World Bank regional boss optimistic about Rwanda’s path to economic recovery | New times
After a recession of 3.4% in 2020, the economy is expected to grow by more than 10% in 2021, characterized by the recovery of disrupted sectors. It will also mean making up for lost progress in aspects such as education, social protection and entrepreneurship, among others.
New times Collins mwai spoke to Keith Hansen, World Bank Country Director for Kenya, Rwanda, Somalia and Uganda on the Bank of Rwanda’s assessment of the recovery journey, key opportunities and milestones to date.
The education sector has been cited as one of the most affected by the pandemic, especially with regard to learning outcomes and time lost out of school. What are the best chances of catching up?
Education has been one of the biggest and most damaging shocks of the pandemic. It will take some time to assess the extent of the damage, what needs to be done and address the shortfall. There are a few things to take into account. We have to make up for lost time. This is a country-level approach to determining what has been lost, what resources are available, and what may work best. This is something that we are working with the government to establish and find a way out of.
The answer also lies in completing the ultimate immunization work, because without it nothing else can flow. This is the only way to get the kids back to school and get things going again. Rwanda has been very successful in the rapid deployment.
The learning challenges that existed in many countries even before Covid-19 have been highlighted and need to be addressed urgently.
The Rwandan government has built over 22,000 classrooms during the pandemic, which will be a big step forward in the quality and outcomes of learning in Rwanda. The country has turned the crisis into an opportunity. I know the government is very keen to finish the job and move on.
In 2020, there were concerns that there would be a need to strengthen social safety nets to prevent people from sliding into poverty. Where is the country now?
One of the things Covid-19 revealed was the weaknesses of social protection programs such as social safety nets, especially those that respond to crises. It was a great opportunity. He demonstrated the cost of not having this in place. There is a wealth of experience around the world with sustainable and appropriate social protection systems. The countries that had it in place were able to respond on time and as they exit the covid, they are in a better position. This is something that we are working on with Rwanda.
The SMEs that would be the biggest employer of all economies and the engine of growth have suffered considerably and some have had to close their doors, what is the World Bank’s advice to ensure the survival of SMEs?
All of these lessons are general and not just for Rwanda. SMEs are crucial, especially in countries where large companies can establish themselves. It is an important source of employment as countries shift from dependence on agriculture to manufacturing and services. These businesses need easy access to financial services and support. It is also a source of innovation and entrepreneurship.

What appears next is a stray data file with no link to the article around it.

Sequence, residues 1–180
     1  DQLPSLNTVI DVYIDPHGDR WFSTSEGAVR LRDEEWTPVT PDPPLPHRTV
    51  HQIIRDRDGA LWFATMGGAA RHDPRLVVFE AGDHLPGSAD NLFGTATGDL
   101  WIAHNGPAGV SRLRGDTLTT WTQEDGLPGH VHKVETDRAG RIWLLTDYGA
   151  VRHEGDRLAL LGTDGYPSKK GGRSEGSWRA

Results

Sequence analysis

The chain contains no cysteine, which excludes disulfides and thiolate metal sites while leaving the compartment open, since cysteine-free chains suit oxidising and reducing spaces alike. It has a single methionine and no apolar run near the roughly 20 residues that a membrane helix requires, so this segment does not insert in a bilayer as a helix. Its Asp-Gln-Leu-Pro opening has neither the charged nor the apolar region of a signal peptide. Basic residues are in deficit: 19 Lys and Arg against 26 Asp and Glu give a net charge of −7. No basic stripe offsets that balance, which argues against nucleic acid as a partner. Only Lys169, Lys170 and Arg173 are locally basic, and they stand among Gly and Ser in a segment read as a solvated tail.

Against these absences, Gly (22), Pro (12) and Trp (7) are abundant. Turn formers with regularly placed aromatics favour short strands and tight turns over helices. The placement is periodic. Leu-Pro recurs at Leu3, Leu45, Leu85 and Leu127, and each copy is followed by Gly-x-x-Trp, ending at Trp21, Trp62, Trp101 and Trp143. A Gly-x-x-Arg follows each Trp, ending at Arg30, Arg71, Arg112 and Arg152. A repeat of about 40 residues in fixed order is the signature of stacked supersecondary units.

Rwanda’s economy set to grow by more than 10% in 2021, marking a way out of recession, what are the best chances of sustaining recovery and growth amid global turmoil?
The only answer that applies to everyone is vaccination. This is the way to reconnect with growth. It is ideal that Rwanda has a history of growth over the past few years. Certainly, part of the growth is rebounding, but its scale is encouraging. We are optimistic that Rwanda will be able to resume the path of growth. The government has presented a national strategy, the economy will need to undergo continuous transformation to move on to the next phase as it moves to a middle income state. This means that there is a growing need to guarantee access to infrastructure, boost human capital and productivity, among others. To be fair to Rwanda and other emerging countries, a lot of what happens to them depends on what happens to the global economy.
Considering the World Bank’s investments in multiple sectors, what are your general expectations from the various stakeholders?
Rwanda has a delivery and performance record. It is not for the World Bank to set expectations for the country, we serve the country and work with them to find the best way and support them.
I would expect that, based on past performance, most of the goals would be met, including the provision of services to a large majority of the population and the progression of the value chain in sectors such as agriculture. . Rwanda has also made a huge commitment in human capital backed by resources and we have a number of financial support systems and look forward to seeing the targets. We are also sure to see the gains from the immunization efforts because Rwanda has been very effective.
For the private sector, we would like to see them play a bigger role in government strategy as it is the ultimate engine of sustainable growth and poised to become a middle income country.
We hope that the measures taken by the government to modernize infrastructure and open up the environment will help induce greater response from the private sector. It will take time and not right away.
Rwanda is one of the countries that have embarked on efforts to tackle climate change and some of the resilience lessons from Covid-19 will also be useful in dealing with climate change. One of the things that sets those who are able to thrive apart from others is resilience to shocks.